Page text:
[Event "Shamkir"] [Site "?"] [Date "2015.04.21"] [Round "?"] [White "Anand, Vishy"] [Black "So, Wesley"] [Result "1-0"] [ECO "C77"] [Annotator "GM Lubomir Kavalek/The Huffington Post"] [PlyCount "89"] [EventDate "1999.??.??"] 1. e4 e5 2. Nf3 Nc6 3. Bb5 a6 4. Ba4 Nf6 5. O-O Be7 6. d3 b5 7. Bb3 O-O 8. Nc3 d6 9. a3 Nb8 {Borrowing the idea from the Spanish Breyer: the knight goes to d7 and the bishop to b7. It also frees the c-pawn.} (9... Bg4 {is the computers' main choice.}) 10. Ng5 {Anand's prepared novelty. The computers don't go near this devilish idea.} ({In Wijk aan Zee this year, Fabiano Caruana played} 10. a4 {against So. They drew in 31 moves.}) 10... Nc6 {I guess it didn't work, we may say. But the knight is best placed on the square d4. In a similar position Levon Aronian suggested:"Anyone who plays 11... Nc6 in this position should strip naked and undergo a full-body scan. Since this illogical move is considered by the computers to be the strongest...!" Of course, it is a different story here.} ({Black has to consider a combination known from the Philidor defense after} 10... Nbd7 11. Bxf7+ Rxf7 12. Ne6 Qe8 13. Nxc7 Qd8 14. Nxa8 Bb7) ({All kind of sacrifices are possible after} 10... h6 11. f4 hxg5 (11... exf4 12. Nf3 ({In King's gambit style is} 12. Nh3 g5 13. Nxf4 gxf4 14. Bxf4 {the position of the black king is shattered and White has a big lead in development.}) 12... g5 13. h4 Bg4 14. hxg5 hxg5 15. g3 Nc6 16. gxf4 Nd4 17. Be3 {is unclear.}) 12. fxg5 {The strength of White's attack is demonstrated in this line:} Nh7 $2 (12... Ng4 13. h3 $5 ({Dangerous for White is} 13. g6 $2 d5 $1 14. Bxd5 (14. d4) 14... Bc5+ 15. Kh1 Qh4 16. h3 Qg3 $19) 13... Bxg5 {is roughly equal.}) (12... Bg4 13. Qe1 {slightly favors White.}) 13. g6 Nf6 14. Rxf6 $1 Bxf6 15. Qh5 Re8 16. Bxf7+ Kf8 17. Nd5 Be6 18. Qh8#) 11. Ba2 {Anticipating 11...Nd4.} ({The machines suggest} 11. Nf3 {reaching the same position as after 9.a3. But here Komodo 8 comes up with the move 11...Nb8 as played by So.}) (11. f4 Bg4 12. Nf3 Nd4) 11... Nd4 12. Ne2 Nxe2+ (12... Bg4 13. f3 Nxe2+ 14. Qxe2 Bd7 15. f4 {fits White's plan.}) 13. Qxe2 h6 (13... c5 14. f4 Qc7) 14. f4 $5 {An amazing piece sacrifice with a nice geommetry: the pawn on f7 is being attacked diagonally (Ba2), in a straight line (Rf1) and eventually by a pawn from g6.} hxg5 {So takes the piece.} ({After} 14... exf4 15. Nf3 g5 16. g3 g4 (16... fxg3 17. hxg3 c6 18. Nd4 {White lands his pieces on the weak light squares.}) 17. Nh4 (17. Bxf4 gxf3 18. Qxf3 Bg4 19. Qe3 Be6 $17) 17... f3 18. Qe3 $14) 15. fxg5 Ng4 16. g6 $1 {White may give the black horse more freedom, but the pawn on g6 is a vital thorn in Black's position.} ( {Black is fine after} 16. h3 Bxg5) 16... Bg5 (16... Nh6 17. Bxh6 gxh6 18. Rxf7 Rxf7 19. Rf1 Kg7 20. Rxf7+ Kxg6 21. Qf3 h5 22. Rf5 {forces a draw.}) ({The white queen on e2 helps to create a simple defense in the line} 16... d5 17. Bxd5 Bc5+ 18. Kh1 Qh4 19. g3 $1) 17. h3 Bxc1 18. Raxc1 Nh6 19. Qh5 ({To prevent Black's next move, the computers prefer} 19. Rxf7 {for example} Nxf7 $2 (19... Rxf7 20. Qh5 (20. gxf7+) 20... Kf8 21. gxf7 $16) 20. Qh5 {mates soon.}) 19... Be6 20. Bxe6 fxe6 21. g4 {Threatening 22.g5, winning the piece back.} c6 $2 ({Black should have tried blocking the f-file with} 21... Rf4 22. g5 Qf8 { but White still has the edge.}) 22. Rxf8+ {Leads to a forced play.} (22. g5 { seems to be more precise because of the double attack on h6. Even after some acrobatics like} Qb6+ 23. Kg2 Rxf1 24. Rxf1 Qe3 25. gxh6 Qxh6 26. Qg4 (26. Qxh6 gxh6 27. Rf7) 26... Re8 27. Rf7 Qd2+ 28. Rf2 Qh6 29. h4 {White has a clear advantage.}) 22... Qxf8 23. Rf1 Qe7 24. g5 Rf8 25. gxh6 Rxf1+ 26. Kxf1 Qf8+ 27. Ke2 gxh6 28. Qg4 Qf6 29. h4 d5 $6 (29... a5 30. b4 a4 31. h5 c5 32. Qg1 cxb4 33. Qa7 bxa3 34. Qa8+ Kg7 35. Qb7+ Kg8 36. Qxb5 $16) 30. h5 {With the protected passed pawn, White can go into a pawn endgame. He has to find a way of breaking through with his king.} d4 31. b4 $1 $18 {Fixing the queenside pawns.} Kg7 32. Qf3 Qe7 {After the queen exchange White wins:} (32... Qxf3+ 33. Kxf3 Kf8 34. c3 dxc3 (34... Kg7 35. cxd4 exd4 36. Kf4 $18) 35. Ke2 Kg7 36. Kd1 Kf8 37. Kc2 Kg7 38. Kxc3 Kf8 39. d4 $18) 33. Kd1 Kg8 34. Qf2 Kg7 35. c3 $1 { Undermining the center leads to victory.} dxc3 (35... Qd7 36. cxd4 exd4 37. e5 Kg8 38. Qf6 {Black can hardly move.} Qe8 39. Qf4 {wins a pawn and the game.}) 36. Kc2 Qc7 37. Qc5 $1 {Black is almost without moves.} Kg8 38. Qe3 a5 39. Qh3 axb4 (39... Qe7 40. bxa5 {creates a dangerous passed pawn.}) 40. Qxe6+ Kf8 41. axb4 Qa7 42. Kxc3 Qa3+ 43. Kc2 Qa4+ 44. Qb3 Qa7 45. d4 (45. d4 exd4 (45... Qxd4 46. Qf7#) 46. Kd3 Kg7 47. Qf7+ Qxf7 48. gxf7 Kxf7 49. Kxd4 $18) 1-0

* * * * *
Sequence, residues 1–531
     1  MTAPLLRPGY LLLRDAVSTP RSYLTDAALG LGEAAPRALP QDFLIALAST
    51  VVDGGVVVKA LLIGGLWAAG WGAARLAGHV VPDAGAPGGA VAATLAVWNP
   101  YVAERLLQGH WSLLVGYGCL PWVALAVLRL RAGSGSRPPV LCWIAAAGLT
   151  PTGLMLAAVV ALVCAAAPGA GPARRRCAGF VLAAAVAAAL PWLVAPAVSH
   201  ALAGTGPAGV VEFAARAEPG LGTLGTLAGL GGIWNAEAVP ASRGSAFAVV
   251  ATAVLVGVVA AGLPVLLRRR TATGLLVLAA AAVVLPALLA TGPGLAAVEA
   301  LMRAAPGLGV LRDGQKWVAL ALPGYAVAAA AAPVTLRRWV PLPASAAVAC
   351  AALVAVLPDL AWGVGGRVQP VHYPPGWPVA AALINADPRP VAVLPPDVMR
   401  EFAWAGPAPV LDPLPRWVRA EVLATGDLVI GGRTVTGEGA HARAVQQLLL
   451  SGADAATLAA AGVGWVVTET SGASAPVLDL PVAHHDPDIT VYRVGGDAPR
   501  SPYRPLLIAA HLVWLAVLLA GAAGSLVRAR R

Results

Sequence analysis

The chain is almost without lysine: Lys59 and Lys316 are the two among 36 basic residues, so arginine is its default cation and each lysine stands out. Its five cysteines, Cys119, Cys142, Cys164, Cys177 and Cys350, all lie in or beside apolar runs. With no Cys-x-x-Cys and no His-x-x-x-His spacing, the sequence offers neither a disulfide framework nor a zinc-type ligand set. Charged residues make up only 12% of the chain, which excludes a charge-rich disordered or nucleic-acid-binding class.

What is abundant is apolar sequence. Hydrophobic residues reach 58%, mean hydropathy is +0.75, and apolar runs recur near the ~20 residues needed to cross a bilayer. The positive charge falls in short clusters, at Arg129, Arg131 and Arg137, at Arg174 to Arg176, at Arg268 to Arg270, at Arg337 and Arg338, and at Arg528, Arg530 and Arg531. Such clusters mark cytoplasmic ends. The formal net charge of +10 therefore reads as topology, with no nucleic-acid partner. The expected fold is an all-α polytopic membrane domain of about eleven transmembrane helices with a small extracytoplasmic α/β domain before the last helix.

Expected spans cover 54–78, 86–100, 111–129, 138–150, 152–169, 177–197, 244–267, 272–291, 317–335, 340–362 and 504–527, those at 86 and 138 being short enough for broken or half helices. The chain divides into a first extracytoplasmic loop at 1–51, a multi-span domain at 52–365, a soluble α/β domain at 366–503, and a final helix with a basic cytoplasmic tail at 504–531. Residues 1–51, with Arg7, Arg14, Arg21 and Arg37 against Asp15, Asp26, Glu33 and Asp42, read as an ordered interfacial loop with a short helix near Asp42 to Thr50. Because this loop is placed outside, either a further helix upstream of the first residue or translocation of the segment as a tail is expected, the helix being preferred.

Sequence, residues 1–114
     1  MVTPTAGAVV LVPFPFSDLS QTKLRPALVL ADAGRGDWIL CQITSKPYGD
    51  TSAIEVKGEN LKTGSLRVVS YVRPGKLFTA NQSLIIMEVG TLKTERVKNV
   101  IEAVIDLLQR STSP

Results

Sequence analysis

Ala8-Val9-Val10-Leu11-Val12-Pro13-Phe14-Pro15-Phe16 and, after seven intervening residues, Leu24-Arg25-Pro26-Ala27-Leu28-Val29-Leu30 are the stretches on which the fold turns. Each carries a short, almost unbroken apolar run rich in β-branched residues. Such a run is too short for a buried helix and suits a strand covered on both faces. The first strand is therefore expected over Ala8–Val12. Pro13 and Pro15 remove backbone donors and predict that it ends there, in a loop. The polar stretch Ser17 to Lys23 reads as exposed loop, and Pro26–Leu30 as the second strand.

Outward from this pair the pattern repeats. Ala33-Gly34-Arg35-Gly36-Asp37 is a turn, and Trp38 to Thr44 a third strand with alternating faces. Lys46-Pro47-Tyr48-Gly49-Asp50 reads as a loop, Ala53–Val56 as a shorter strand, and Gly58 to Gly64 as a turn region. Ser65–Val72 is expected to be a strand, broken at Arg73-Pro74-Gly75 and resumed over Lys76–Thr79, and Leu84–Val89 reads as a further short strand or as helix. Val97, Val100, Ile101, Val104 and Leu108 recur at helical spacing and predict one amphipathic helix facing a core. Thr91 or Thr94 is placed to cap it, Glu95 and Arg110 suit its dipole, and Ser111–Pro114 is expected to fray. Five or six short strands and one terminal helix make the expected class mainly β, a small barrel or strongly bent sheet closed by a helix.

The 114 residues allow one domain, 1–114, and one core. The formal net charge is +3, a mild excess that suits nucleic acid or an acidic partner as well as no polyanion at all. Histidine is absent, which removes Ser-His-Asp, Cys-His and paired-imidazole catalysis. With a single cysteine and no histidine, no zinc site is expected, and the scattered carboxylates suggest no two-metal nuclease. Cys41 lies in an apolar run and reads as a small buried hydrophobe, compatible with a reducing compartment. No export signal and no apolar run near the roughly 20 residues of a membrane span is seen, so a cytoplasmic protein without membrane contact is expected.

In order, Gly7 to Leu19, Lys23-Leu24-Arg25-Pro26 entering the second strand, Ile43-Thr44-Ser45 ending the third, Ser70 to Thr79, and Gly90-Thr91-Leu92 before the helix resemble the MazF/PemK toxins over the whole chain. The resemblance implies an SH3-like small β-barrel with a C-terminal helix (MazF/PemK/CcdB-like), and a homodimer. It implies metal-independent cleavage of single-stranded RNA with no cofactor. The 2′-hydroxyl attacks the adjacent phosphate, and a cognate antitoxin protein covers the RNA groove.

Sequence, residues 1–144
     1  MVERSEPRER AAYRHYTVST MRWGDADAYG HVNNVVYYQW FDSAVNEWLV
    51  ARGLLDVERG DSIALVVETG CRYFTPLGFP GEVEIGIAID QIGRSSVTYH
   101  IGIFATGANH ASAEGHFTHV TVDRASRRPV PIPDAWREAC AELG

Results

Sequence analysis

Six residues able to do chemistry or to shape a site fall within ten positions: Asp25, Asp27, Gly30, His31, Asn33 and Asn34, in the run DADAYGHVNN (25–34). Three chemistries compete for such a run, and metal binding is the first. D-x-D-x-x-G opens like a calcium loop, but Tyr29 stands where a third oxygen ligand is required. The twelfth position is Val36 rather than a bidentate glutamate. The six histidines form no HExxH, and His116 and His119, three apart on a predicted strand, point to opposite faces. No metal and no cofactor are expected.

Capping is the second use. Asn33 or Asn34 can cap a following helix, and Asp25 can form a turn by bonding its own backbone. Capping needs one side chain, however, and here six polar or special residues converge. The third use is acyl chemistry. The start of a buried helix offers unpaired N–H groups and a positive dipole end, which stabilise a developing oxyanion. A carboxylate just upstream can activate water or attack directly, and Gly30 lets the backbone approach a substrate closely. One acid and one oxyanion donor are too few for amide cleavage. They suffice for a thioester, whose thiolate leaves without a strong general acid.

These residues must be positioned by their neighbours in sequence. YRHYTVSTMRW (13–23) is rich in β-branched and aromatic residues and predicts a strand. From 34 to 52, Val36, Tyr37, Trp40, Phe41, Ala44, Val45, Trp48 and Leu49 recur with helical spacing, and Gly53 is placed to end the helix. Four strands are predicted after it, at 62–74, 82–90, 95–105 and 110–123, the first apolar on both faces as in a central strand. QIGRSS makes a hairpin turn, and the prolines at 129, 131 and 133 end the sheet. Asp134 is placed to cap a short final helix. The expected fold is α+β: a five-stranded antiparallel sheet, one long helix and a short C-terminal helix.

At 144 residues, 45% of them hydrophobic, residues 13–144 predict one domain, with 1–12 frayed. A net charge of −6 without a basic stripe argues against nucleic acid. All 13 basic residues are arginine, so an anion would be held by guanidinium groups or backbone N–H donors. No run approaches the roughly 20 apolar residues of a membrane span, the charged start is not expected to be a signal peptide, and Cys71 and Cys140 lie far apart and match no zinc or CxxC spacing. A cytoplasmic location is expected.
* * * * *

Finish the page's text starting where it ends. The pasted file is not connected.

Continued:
April was rich in chess events. China won the World Team Chess Championship in Tsaghkadzor, Armenia, ahead of Ukraine and Armenia. The U.S. team without its champion Hikaru Nakamura and So, woke up in the second half to share fourth place with Russia. Georgia finished first at the Women's World Team Championship in Chendu, China. Russia won the silver and China the bronze medals.

Three high-level established tournaments – Norway Chess in Stavanger, Sinquefield Cup in Saint Louis and London Chess Classic – have been united into the Grand Chess Tour. It will feature players from the world's Top Ten list, vying for a total prize of $1,050,000. After the announcement in Saint Louis, Kasparov defeated Nigel Short 8.5-1.5 in an exhibition match.

Original column hereCopyright Huffington Post

The Huffington Post is an American news website and aggregated blog founded by Arianna Huffington and others, featuring various news sources and columnists. The site was launched on May 9, 2005, as a commentary outlet and liberal/progressive alternative to conservative news websites. It offers coverage of politics, media, business, entertainment, living, style, the green movement, world news, and comedy. It is a top destination for news, blogs, and original content. The Huffington Post has an active community, with over over a quarter of a billion visits per month (according to Quantcast), making it the number 73 ranked web site in the world (Alexa, January 2014)..